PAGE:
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Cal South E-News | April 2011 PARENT EDUCATION

April 22, 2011

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Parent Education content provided by US Youth Soccer


How Do We Measure Success in Youth Soccer?
(Pt 1 of 3)

From the US Youth Soccer Technical Department

"There are already a multitude of articles saying that winning and losing are not the correct measures of success in youth soccer; instead, we should measure the development of the players. OK, perfect. The next obvious follow-up question then is, 'How do we measure the development of a single player?' If US Youth Soccer can answer this question in a way that is helpful to committed coaches and understandable to parents with limited playing experience (and paying the money to have their kids involved), they may be able to turn this overly organized youth soccer system of ours into a much more effective development program."
- Cary McCormick, Coach, Arlington, Va.

Indeed... how do we measure player development?

Too often in America, a professional sport model is used in measuring youth sports success. Youth soccer is not immune to this misapplied standard. For soccer, the situation is made worse by a desire of many adults to use measuring tools from other sports. In fact, it is maddening to many adults that soccer is not as black-and-white as with some sports in judging successful play. Many team sports played in our nation are statistically driven and coach-centered. Soccer is neither of those.

Indeed, just like the Laws of the Game, our sport has many shades of grey within it. As a player-centered sport, some coaches become disillusioned as they learn that they are the 'guide on the side' and not the 'sage on the stage'. Too many soccer coaches bring a military-focused attitude to the youth sport environment. This coach-centered perspective has been handed down to us from other sports and coaching styles of past generations.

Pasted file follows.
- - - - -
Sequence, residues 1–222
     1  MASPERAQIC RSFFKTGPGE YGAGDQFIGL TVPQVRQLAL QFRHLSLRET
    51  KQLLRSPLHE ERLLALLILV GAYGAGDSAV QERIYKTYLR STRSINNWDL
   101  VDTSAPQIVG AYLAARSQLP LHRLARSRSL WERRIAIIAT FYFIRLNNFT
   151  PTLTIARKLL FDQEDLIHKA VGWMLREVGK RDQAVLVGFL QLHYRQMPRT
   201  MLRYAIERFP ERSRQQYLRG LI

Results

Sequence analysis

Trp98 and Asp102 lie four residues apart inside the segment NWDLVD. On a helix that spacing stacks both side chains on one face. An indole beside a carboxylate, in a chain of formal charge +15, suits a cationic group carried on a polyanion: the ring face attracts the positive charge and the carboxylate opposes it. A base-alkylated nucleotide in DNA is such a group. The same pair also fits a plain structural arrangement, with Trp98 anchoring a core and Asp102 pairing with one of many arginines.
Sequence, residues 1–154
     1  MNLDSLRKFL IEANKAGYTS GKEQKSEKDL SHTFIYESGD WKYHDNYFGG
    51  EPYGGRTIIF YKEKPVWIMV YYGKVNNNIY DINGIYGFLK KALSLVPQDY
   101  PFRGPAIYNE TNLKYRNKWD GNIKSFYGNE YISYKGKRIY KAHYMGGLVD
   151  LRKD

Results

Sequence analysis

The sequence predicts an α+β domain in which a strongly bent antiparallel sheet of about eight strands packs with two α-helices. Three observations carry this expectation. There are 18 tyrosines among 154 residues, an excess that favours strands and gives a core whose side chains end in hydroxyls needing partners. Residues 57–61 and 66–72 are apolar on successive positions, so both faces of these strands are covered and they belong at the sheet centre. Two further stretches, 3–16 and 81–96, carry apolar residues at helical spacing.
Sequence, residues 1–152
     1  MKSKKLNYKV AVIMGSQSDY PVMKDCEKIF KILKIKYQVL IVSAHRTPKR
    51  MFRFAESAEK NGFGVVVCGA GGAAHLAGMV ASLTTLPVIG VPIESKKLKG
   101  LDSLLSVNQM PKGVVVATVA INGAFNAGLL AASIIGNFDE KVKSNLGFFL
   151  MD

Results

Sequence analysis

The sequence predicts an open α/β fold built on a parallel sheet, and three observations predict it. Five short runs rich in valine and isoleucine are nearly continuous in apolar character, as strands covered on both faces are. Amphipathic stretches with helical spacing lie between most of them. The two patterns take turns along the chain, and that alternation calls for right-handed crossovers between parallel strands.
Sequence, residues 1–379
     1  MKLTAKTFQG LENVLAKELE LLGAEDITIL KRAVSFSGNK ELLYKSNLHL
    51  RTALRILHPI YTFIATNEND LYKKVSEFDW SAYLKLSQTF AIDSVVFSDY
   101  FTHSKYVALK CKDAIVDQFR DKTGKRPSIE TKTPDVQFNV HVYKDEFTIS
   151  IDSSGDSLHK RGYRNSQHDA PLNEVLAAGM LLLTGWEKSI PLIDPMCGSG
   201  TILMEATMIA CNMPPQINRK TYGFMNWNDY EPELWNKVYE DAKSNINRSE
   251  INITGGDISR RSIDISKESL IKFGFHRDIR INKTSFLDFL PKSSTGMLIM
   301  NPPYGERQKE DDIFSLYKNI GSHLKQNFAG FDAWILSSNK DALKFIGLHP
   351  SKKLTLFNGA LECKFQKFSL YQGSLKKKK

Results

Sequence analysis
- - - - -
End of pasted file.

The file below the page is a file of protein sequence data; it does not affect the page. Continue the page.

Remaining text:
In many sports, the coach makes crucial decisions during the competition. In soccer, players make the primary decisions during the match; the coach's decisions are of secondary importance. Egocentric personalities will find coaching soccer troublesome. The other significant group of adults at a youth soccer match is parents. They too often have their view of the match colored by the professional model and by a view of "coaching" that is portrayed in the media. Although it is changing, the majority of parents watching their kids play soccer have never played the game. In fact, the statistics show that most of today's parents never played any team sport. So their only exposure on how to measure sporting success is gleaned from the sports media. The sports media predominately report on adult teams at the college and professional levels. These adult measurements of team performance should not and cannot be applied to youth sports.

The analogy can be made to a youngster's academic development in preparation for work in the adult business world. While the child is in primary and secondary school, the corporate world measurements of success are not applied. Those business assessments are not yet appropriate because the school-aged student does not yet have the tools to compete in the adult business environment. The knowledge and skills to be a competitor in business are still being taught and learned. This holds true in soccer as well!

Soccer is an adult game designed by adults for adults to play. Adults enjoy the game so much that they have shared it with their children. Yet, adults make errors when we bring our adult performance and outcome-based thinking into the developing player's world.

Alright... fine, you say. So how do we measure success? How do parents know if the team coach is doing a good job of teaching soccer to the players? How does the novice coach know if the kids are growing within the game?

As a way to measure success, let's look at the facts provided a by a study by the Youth Sports Institute, on what players want from their sports experience.

TRUTHS about children and sports:

* Fun is pivotal - if it's not fun, young people won't play a sport
* Skill development is a crucial aspect of fun - it is more important than winning even among the best athletes
* The most rewarding challenges of sports are those that lead to self-knowledge
* Intrinsic rewards (self-knowledge that grows out of self-competition) are more important in creating lifetime athletes than extrinsic rewards are (victory or attention from others)1

During childhood allow the kids to have a good time playing the game while instilling the passion to love playing soccer on their own. Only a passion for the game can lead to success.

To be continued next issue...

Previously published on

1 Ewing, M.E., & Seefeldt. V. (1990). American youth sport participation. American Footwear Association, North Palm Beach, FL. Sporting Goods Manufacturers Association (SGMA).